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Irishman has lucky escape in terrifying elephant attack


Stephen Montague

Stephen Montague

Stephen Montague

Stephen Montague

Shane Wolf

Shane Wolf


Stephen Montague

An Irishman on safari in Africa had a lucky escape after he was attacked by an elephant.

Dramatic video footage caught the terrifying moment Stephen Montague and his brother-in-law were swiped by the bull elephant's trunk and tusks.

Fortunately the two men were not seriously injured in the incident, which happened in Zimbabwe and was posted online at the weekend.

Mr Montague (39), his American wife Shannon and her family were visiting Mana Pools, a wildlife conservation area in northern Zimbabwe when they got up close and personal with the elephant.

The group were sitting down to dinner in a restaurant in the national park when the elephant wandered over.

Video footage posted on YouTube shows the party are initially delighted to get so close to the animal.

"It's another boy . . . a big boy," someone is heard to say.

The animal searches for food on the ground and a guard throws it something.

After a few minutes, it comes closer to the group and then starts twisting its trunk and flapping its ears.

It them lashes out at Mr Montague and his brother-in-law Shane Wolf, throwing them off their chairs. The rest of the group rush to get away.

The safari guides then make noises that cause the elephant to move away and some of the party laugh nervously.

Mr Wolf then pulls up his shirt to show where he was gored by the elephant's tusk.

While elephants are generally not aggressive, males can be volatile and attack humans.

Around 500 people a year are killed by elephants.

Last night, Mr Montague's parents said they were relieved that he had escaped without injury.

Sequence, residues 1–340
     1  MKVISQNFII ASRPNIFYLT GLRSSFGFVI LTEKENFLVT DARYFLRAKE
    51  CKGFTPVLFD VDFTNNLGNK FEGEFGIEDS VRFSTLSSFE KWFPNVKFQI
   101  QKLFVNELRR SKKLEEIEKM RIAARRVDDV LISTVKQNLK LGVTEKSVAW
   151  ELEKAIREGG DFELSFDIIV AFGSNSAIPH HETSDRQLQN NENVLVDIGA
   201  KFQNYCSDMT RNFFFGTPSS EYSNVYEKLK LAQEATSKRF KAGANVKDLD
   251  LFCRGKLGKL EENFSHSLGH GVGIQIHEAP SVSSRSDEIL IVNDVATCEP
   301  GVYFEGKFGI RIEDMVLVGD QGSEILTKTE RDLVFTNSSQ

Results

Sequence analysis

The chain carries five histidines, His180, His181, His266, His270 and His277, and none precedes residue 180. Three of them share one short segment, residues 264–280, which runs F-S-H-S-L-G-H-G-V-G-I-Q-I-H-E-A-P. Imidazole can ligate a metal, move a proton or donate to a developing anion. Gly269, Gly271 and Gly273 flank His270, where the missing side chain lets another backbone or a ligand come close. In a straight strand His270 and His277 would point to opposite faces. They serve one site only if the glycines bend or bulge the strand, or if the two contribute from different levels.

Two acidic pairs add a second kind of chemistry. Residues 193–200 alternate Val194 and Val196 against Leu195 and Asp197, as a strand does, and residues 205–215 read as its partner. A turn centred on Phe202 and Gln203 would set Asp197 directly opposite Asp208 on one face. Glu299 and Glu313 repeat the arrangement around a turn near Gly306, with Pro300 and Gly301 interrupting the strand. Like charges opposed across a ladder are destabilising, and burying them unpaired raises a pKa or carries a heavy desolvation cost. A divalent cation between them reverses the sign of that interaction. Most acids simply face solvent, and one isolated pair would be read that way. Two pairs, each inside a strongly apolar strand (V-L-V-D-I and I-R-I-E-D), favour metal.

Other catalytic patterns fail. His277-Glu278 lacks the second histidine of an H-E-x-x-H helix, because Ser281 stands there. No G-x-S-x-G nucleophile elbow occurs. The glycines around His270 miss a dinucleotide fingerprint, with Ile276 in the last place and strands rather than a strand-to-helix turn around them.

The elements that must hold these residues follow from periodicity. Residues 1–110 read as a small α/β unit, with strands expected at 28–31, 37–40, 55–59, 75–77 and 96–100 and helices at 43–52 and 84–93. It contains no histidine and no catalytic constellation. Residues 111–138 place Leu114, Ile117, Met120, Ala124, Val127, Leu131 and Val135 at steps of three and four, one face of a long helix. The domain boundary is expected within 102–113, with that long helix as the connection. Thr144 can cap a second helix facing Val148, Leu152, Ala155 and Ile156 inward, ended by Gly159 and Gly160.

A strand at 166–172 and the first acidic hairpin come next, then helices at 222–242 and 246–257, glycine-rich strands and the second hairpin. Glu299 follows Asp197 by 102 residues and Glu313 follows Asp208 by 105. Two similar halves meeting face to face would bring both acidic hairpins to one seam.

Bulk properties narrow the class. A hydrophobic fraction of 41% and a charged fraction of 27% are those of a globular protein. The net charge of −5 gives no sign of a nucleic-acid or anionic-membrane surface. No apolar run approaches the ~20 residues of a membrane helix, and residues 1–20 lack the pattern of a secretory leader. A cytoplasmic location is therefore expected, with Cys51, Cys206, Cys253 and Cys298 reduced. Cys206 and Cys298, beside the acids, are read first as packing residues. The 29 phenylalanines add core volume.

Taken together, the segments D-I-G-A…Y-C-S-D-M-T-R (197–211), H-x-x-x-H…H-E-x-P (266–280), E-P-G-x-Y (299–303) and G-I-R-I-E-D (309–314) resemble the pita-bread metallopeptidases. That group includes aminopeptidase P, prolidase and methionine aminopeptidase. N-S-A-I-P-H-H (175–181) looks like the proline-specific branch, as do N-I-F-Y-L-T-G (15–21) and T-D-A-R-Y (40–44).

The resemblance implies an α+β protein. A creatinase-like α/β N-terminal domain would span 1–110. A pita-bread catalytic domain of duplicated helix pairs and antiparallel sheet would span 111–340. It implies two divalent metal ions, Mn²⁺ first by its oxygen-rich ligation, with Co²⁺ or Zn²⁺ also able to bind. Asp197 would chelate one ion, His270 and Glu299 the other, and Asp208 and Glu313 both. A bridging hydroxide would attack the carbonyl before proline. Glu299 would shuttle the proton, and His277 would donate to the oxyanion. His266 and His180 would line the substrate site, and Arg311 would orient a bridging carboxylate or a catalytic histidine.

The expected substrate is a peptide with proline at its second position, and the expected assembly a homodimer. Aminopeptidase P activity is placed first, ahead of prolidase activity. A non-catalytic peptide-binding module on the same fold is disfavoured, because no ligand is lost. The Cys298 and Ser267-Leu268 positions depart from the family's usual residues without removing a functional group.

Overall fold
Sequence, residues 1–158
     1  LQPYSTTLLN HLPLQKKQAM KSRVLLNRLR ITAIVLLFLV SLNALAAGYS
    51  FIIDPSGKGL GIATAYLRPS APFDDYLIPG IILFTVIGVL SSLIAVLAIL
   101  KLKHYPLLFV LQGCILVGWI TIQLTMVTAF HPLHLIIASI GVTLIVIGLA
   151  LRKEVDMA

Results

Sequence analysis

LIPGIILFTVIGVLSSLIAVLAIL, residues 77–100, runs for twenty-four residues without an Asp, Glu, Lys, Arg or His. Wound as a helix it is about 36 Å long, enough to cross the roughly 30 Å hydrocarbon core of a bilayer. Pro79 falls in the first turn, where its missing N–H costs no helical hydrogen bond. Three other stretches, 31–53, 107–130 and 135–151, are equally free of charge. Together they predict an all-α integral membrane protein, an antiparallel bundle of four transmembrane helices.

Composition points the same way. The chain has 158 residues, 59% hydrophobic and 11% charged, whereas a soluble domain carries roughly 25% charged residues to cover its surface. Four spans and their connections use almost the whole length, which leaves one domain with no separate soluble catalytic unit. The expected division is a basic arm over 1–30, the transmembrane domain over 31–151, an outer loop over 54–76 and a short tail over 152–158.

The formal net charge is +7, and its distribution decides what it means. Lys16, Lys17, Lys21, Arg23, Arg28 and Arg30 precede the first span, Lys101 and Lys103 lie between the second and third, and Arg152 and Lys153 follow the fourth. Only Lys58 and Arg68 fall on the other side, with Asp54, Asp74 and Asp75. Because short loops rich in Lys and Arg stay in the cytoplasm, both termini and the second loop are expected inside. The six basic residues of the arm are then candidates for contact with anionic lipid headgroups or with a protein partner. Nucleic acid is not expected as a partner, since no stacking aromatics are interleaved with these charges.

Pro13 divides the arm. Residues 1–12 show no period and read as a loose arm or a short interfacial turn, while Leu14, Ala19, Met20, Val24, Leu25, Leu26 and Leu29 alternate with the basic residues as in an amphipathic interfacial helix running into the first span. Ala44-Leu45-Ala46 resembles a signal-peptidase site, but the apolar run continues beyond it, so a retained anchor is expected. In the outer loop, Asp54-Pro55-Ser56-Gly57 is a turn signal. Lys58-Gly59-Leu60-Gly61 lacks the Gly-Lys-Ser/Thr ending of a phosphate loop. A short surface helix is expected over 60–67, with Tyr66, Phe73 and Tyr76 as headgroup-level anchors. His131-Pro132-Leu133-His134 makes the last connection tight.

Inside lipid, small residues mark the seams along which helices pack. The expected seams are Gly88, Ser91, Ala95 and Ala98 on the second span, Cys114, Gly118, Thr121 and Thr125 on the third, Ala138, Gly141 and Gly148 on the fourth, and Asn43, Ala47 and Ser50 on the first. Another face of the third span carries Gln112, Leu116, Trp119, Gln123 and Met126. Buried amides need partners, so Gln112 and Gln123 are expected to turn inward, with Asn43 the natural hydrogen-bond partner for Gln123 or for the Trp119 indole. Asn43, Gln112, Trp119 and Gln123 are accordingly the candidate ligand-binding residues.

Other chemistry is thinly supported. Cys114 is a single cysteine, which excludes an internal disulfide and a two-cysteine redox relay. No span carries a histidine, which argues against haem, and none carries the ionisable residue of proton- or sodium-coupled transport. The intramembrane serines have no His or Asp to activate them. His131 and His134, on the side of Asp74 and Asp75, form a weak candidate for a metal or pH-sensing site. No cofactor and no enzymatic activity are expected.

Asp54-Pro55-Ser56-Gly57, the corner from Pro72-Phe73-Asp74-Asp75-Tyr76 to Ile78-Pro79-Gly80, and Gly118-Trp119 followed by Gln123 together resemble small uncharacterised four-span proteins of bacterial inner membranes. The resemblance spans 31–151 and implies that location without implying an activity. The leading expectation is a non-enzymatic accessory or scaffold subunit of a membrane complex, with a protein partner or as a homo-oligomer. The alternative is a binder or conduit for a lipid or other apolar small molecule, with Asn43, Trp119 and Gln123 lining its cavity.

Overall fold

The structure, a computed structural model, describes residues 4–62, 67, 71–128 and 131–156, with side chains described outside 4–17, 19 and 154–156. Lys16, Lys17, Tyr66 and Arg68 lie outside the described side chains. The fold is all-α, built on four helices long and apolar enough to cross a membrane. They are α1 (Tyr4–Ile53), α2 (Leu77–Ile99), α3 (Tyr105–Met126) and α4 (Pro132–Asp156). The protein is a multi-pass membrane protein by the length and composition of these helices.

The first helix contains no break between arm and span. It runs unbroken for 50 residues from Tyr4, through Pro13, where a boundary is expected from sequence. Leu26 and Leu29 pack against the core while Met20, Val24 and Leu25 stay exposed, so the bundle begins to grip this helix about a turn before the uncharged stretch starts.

Speaking from his home in Beragh, Co Tyrone, his father Paddy Montague said: "He is OK and he is continuing with his holiday in Zimbabwe.

"He wouldn't let something like that stop him.

"He loves to go where the action is."

Mr Montague, who renovates houses, lived with Shannon in Northern Ireland until they moved to California earlier this year.

His mother Patricia said it wasn't the first safari trip the couple had been on.

"These kind of holidays with wild animals wouldn't be for me but Stephen and Shannon love them.

"They took what happened in their stride.

"The elephant wandered into the compound looking for something to eat.

"One of the guards threw it something but that made it bolder and it headed over to the table.

"Stephen is fine and that's what is most important to us," she said.

In Africa and India, elephant bulls have been known to attack entire villages, killing people and destroying homes.

One reason for males becoming aggressive and violent is their state of 'musth'.

The word is Hindi for madness and is a time during which testosterone levels in the animals may rocket to 60 times higher than normal.

This is a period of increased sexual activity for the bull.

In violent attacks, elephants have picked people up with their trunks and hurled them to the ground.

They have also battered or impaled them with their tusks.

Far more often though it is elephants which are at the receiving end of human violence.

Conservation groups claim that around 20,000 are killed by poachers every year for their ivory.

Irish Independent